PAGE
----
What – The world’s largest three day celebration of multiculturalism. Started in 1976, with only 20,000 visitors, it grew to 85,000 in 1977 and 320,000 in 1982. Attendance typically runs between 300-400,000 annually.
Where – William Hawrelak Park, Edmonton, Alberta – a 350 acre riverside park proposed by Mayor William Hawrelak in 1954 and first opened in 1967.
When – Over the August Civic Holiday weekend each year – August 3-5/19
Why – to honour and celebrate the diverse nature of our population and promote awareness, understanding and appreciation for cultural diversity.
Who – 2,200 volunteers, 100 countries, 73 pavilions, 50 shared stages, 900 cultural and dance shows, 70 kitchens, each serving up their cultural delicacies, up to 500,000 visitors annually (the record for attendance was set at 498,000 in 2017, with 348,000 visitors showing up on the Sunday, that year.
The Skinny – Admission to the grounds and festival is free. Most cultural cuisines can be purchased by using tickets, either bought in advance or at the gate. $40 CA gets you 40 tickets. Item prices vary, but the two of us did fine on 40 tickets. Some drinks and ice cream may be purchased for cash. Many pavilions offer goods from their country for sale. Payment methods vary, but cash or debit are preferred.
The 3 day event is a major fundraiser for the local Edmonton Food Bank and receives an average of 50,000 kg/year (1.4 million kg between 1984 and 2013). All non-perishable food items and cash donations gratefully accepted.
Private cars are not permitted on the site. Transit options include:
- Park and Ride buses from numerous locations throughout the city (check out the Heritage Fest website). Fare $6 return
- A Kiss and Ride Zone where passengers can be dropped off near the park gate.
- You can walk to the park.
- You can cycle to the park
I am not sure why it is human nature to always think their way is the right way or the only way that things should be. This thinking promotes so many conflicts in society and around the world. If we would only open up our eyes to new things, we would see that most people are just like us, they want to make a decent living, they want to have shelter from the elements, they want to have food in their bellies and they want to have fun, when the work is done. Heritage Days certainly gives us all a chance to experience new sights, sounds and tastes and for three days at least, harmony can exist, as we all have fun.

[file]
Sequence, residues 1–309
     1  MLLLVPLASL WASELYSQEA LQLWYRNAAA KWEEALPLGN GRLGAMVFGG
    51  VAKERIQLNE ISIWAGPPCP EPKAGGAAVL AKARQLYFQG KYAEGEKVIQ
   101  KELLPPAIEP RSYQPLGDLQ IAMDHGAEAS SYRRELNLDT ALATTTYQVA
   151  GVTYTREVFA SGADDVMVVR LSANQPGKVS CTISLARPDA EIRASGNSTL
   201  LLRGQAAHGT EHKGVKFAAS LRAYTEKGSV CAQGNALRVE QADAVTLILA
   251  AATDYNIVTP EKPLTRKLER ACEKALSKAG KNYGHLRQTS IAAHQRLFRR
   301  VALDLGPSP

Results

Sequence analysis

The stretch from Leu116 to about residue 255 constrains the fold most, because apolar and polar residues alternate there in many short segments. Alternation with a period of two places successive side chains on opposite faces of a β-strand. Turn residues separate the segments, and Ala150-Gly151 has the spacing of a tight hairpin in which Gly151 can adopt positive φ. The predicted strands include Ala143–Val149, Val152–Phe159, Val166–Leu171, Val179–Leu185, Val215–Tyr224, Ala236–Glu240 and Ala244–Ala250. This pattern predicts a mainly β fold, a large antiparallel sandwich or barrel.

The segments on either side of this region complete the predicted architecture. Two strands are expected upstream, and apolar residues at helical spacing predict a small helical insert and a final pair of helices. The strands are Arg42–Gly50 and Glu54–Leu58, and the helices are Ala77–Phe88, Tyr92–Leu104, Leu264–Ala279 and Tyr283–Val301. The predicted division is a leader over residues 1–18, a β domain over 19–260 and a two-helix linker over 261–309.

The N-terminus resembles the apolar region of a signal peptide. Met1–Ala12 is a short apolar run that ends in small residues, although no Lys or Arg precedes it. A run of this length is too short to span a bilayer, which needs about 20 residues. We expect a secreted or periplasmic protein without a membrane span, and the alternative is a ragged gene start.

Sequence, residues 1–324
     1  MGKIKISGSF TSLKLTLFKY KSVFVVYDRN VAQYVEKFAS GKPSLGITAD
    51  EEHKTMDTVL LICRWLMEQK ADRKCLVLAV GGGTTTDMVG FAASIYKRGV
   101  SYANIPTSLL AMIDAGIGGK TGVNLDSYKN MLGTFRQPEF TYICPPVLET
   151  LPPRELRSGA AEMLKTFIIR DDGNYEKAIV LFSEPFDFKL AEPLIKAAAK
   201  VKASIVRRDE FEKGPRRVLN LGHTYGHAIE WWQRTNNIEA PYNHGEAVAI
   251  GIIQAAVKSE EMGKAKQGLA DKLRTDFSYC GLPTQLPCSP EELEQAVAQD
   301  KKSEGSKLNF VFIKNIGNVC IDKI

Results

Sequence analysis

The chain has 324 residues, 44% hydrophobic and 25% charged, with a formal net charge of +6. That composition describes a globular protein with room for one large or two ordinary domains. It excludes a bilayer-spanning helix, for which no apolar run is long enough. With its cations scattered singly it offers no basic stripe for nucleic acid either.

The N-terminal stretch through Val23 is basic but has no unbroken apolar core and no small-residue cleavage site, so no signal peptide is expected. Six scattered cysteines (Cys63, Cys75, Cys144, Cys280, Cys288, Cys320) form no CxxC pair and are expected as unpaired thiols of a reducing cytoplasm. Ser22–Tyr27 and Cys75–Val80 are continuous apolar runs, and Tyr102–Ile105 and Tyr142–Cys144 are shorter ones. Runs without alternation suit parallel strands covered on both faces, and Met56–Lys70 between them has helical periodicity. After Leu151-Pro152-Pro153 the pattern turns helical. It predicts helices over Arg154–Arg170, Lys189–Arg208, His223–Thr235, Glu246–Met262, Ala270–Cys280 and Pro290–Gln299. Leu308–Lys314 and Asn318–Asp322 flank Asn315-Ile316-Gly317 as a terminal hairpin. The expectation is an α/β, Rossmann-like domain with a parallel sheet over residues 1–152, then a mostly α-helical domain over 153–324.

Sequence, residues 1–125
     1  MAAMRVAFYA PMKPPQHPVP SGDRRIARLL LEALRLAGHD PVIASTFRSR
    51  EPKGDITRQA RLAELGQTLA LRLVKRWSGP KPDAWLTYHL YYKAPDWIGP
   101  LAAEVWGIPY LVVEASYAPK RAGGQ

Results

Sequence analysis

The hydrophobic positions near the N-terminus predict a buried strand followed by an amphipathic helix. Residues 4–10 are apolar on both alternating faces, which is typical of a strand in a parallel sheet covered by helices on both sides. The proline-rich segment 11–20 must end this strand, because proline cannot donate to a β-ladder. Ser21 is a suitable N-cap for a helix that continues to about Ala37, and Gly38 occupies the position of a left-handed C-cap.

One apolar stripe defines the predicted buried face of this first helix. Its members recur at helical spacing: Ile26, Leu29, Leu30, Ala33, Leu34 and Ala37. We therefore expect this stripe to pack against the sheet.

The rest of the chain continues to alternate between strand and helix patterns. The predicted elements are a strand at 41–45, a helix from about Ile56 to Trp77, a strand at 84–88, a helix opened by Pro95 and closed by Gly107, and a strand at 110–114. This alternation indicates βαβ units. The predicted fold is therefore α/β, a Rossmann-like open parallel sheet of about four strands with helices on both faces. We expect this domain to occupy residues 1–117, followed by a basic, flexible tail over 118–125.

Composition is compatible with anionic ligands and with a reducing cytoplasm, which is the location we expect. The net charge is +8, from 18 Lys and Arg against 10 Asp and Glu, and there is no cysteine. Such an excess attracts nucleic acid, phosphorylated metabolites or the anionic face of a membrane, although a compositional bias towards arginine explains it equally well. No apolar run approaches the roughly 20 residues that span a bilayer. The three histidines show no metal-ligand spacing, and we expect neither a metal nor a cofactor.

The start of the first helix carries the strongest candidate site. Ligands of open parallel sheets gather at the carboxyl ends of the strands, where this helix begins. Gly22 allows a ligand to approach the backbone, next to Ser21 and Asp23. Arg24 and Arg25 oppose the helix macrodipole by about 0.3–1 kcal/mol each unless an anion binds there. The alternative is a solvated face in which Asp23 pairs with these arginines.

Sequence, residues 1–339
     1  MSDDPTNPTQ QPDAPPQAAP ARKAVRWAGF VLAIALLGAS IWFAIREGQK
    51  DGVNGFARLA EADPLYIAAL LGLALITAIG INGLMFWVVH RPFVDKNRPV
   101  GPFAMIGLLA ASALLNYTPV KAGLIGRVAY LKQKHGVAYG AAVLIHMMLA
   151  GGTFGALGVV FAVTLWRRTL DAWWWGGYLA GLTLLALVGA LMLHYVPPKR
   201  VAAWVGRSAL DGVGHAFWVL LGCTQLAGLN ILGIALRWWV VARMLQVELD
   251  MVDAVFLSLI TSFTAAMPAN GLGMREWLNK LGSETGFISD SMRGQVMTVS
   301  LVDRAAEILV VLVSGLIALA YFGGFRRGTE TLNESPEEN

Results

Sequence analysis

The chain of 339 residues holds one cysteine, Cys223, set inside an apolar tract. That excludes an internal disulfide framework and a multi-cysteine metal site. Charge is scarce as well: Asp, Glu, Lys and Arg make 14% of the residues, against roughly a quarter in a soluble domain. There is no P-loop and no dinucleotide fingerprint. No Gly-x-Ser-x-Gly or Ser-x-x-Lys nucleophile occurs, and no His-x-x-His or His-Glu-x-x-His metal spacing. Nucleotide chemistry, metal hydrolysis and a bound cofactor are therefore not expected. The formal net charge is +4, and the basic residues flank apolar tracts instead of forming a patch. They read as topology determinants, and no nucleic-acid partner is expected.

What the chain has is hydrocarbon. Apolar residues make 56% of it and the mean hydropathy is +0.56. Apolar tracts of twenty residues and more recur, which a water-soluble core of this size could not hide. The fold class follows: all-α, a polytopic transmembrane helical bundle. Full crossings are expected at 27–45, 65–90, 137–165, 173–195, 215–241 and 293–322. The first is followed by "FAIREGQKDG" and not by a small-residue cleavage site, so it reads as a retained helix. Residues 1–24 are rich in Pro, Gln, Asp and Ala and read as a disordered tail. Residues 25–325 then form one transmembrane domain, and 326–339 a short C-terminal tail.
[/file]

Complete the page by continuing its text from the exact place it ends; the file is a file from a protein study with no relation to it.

The question each year is not “Are we going to Heritage Days?” It is “Which day are we going to Heritage Days?”
We opted for opening day, Saturday and were on site by 11:00 AM. If you are from the area, you know June and July have been very rainy. Parts of the site were a bit of a mud bog yesterday and the rest were simply soaked. We wore our waterproof hikers and coped very well.
Our first and third food stop was at the Hungarian Pavilion for Langos (fried dough). First stop was for savoury (garlic salt) and third was for sweet (icing sugar). OK, we are full now.
Ukrainian fashion show, depicting preparations for a wedding.
Our plan to see the shows was to wander around until we heard one starting up, then head over and watch. This meant we sometimes arrived just as the show was ending, but by the end of our visit, it was working quite well. This was the Guatemalan cultural show.
Shots of the grounds and pavilion exteriors.
Colourful displays and wares for sale.
Bits and pieces.
Foods and such.
Cultural performances too numerous to mention. The K-Pop group at the Korean pavilion seemed to be having the most fun and so was their audience.
Indigenous Peoples cultural display. This one was one of our favourite shows on the day. So much colour and symbolism.
We were just about to leave the site, when this Eritrean dance group started their show. We had to stay and watch.
This little guy was just bubbling over Heritage Days and was having a great time blasting bubbles at all who passed by.
As we left the site around 2:30 PM, busload after busload of visitors piled into the site. Up along Groat Road, cars emptied out their passengers and walkers and cyclists made a steady stream into the site. This might be another attendance record year. We can’t wait for next year.